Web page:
“If you’re enjoying yourself, you’re not working hard enough” (Or You’re In Denmark)
Denmark is a semi-socialist paradise full of cozy cities, castles, Cinematheques, remnants of Vikings, and parks where the sheep graze at night. It’s more diverse than you might expect; you could get pretty impressive falafel and Turkish food in Copenhagen even ten years ago, when I studied abroad there. Yes, it’s pricey, but when the state picks up the tab for big-ticket items like education and health care, that makes a difference.
Everyone bikes. The drinking age is 15. More people die from falling down stairs than from violent crime, because the Danes have sane gun laws and even knives beyond a certain length are regulated. (So they told me in my Criminal Justice class, anyway.) Can you imagine if America’s biggest problem was stairs?
Instead America’s biggest problems include the fact that we work too hard over too many hours for too little return, in part because we can’t rely on our nation’s wobbly, threadbare safety net, and — not coincidentally — we spend insane amounts of money on Seamless. Because we don’t have time to cook!
Jason Saltzman, 36, the founder of Midtown co-working space AlleyNYC, recently tallied up all the delivery food he’s ordered into his office in the past few weeks.
He averaged $20 per meal, sometimes three meals a day — including baked clams from Pizza Italia, egg whites from Guy & Gallard, and his “cheat day” splurges of a bagel with cream cheese from Murray’s Bagels and chicken lo mein from Chef Yu — his absolute favorite meal. The total? $1,800 a month.
“That’s rent!” he exclaims.
But he’s not about to change his habits and start brown-bagging it.
“I’m always in the office,” says Saltzman, who lives in Chelsea. “Where am I going to cook stuff?”
Then there are the people for whom Seamless is too lowbrow.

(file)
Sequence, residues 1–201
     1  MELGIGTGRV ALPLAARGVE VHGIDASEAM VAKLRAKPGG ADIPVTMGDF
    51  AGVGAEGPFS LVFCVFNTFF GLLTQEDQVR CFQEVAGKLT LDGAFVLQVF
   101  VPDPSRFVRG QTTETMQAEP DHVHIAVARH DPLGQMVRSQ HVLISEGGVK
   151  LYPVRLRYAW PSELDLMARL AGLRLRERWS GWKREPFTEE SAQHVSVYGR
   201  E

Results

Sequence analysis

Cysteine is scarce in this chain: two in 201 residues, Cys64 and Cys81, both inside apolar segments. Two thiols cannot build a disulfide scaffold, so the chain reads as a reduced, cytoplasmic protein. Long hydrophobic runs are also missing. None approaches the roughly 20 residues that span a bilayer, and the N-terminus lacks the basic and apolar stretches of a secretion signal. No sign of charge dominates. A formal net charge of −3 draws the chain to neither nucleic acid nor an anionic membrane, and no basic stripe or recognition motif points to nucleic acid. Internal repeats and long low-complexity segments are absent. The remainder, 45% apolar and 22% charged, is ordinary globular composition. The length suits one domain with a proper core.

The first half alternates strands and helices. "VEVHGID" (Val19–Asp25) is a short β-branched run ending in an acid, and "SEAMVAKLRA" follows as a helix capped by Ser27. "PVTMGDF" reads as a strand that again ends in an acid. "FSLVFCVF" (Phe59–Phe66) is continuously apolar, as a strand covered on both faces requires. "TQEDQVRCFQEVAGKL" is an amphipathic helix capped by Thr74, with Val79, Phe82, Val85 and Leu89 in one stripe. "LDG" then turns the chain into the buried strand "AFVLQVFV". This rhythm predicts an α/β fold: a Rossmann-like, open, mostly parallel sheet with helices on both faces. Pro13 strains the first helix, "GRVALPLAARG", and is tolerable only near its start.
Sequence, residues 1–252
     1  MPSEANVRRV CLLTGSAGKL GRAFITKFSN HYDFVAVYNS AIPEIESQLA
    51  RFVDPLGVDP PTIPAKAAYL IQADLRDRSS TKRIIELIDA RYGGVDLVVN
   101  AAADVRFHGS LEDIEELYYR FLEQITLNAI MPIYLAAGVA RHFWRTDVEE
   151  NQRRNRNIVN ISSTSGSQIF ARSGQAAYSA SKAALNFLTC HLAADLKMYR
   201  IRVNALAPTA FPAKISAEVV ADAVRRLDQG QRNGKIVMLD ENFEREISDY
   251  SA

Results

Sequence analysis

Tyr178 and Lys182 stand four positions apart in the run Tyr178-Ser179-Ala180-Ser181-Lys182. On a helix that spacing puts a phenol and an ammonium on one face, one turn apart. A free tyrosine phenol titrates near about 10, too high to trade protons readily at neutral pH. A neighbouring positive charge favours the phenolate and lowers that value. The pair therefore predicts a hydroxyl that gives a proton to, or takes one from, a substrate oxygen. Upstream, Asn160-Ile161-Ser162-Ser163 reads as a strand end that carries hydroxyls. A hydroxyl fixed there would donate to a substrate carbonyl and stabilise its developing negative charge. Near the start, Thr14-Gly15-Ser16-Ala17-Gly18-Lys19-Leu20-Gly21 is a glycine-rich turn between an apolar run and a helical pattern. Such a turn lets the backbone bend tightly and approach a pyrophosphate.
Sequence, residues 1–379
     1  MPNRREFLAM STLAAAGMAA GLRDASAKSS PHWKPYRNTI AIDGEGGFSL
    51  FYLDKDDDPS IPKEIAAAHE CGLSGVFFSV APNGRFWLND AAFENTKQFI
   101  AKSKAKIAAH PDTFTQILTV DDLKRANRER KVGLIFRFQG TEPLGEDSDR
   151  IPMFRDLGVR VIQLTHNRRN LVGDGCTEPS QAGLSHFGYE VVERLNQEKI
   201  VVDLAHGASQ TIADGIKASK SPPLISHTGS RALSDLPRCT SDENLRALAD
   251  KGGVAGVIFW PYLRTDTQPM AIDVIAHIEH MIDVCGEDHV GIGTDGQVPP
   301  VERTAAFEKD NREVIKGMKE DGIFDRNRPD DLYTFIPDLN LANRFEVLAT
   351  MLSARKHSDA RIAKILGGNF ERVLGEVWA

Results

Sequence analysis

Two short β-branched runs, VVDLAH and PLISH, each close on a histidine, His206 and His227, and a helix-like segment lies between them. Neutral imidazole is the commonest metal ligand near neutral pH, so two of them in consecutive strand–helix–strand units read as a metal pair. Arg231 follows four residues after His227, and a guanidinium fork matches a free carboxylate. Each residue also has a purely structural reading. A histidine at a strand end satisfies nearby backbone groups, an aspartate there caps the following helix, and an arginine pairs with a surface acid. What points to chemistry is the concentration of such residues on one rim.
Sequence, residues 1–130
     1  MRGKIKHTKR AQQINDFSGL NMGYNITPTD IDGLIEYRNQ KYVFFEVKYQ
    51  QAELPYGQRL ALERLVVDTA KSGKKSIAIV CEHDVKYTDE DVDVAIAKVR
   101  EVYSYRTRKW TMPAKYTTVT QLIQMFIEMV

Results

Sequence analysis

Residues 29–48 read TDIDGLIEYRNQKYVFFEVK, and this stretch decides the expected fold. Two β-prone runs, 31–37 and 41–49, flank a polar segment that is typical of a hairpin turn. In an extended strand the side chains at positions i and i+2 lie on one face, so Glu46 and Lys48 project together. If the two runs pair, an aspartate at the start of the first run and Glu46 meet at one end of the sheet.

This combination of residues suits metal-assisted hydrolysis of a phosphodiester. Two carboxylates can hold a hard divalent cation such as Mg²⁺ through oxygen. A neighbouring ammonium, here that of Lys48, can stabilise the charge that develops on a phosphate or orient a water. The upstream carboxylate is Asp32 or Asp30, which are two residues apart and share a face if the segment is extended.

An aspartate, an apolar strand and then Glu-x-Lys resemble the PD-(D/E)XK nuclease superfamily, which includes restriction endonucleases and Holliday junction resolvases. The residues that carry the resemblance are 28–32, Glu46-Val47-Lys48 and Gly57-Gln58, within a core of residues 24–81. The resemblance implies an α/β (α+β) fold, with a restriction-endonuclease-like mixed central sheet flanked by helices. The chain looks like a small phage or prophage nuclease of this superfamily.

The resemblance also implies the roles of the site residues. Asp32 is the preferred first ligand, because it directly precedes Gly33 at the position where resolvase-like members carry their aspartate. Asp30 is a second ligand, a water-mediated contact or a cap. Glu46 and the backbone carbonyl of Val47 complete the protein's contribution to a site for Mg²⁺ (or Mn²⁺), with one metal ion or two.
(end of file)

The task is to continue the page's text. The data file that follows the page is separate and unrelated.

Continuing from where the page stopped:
“Seamless is . . . great for your average Joe who isn’t into artisanal food at all,” says Chawla, founder of Fueled, an app and mobile design company based in Soho. Caviar lets you “order from restaurants that are too cool to deliver. Those are typically the restaurants you want to eat from.”
He estimates that he forks over $1,200 each month on lunch and juices alone, typically starting his day with a coconut water from Juice Generation, summoning a lunch of lobster rolls, duck confit salads or Thai sausages, and finishing the work day with a smoothie.
Ugh, I can’t even with that. Let’s talk about Denmark some more and how great it is, not merely as a place to live but to work.
In the U.S., if your boss gives you an order, you pretty much do what you’re told. In aDanish workplace, extremely few direct orders are ever given and employees are more likely to view them as suggestions.
Dutch sociologist Geert Hofstede has quantified the business culture in more than 100 countries on several parameters, one of which is “power distance.” A high power distance means that bosses are undisputed kings whose every word is law. U.S. workplaces have a power distance of 40 while Danish workplaces—with a score of 18—have the lowest power distance in the world.
This means that Danish employees experience more autonomy and are more empowered at work. Here’s just one example: By law, any Danish workplace with more than 35 employees must open up seats on the board for employees, who are elected to the board by their peers and serve on an equal footing and with same voting powers as all other board members.
I hereby volunteer as tribute!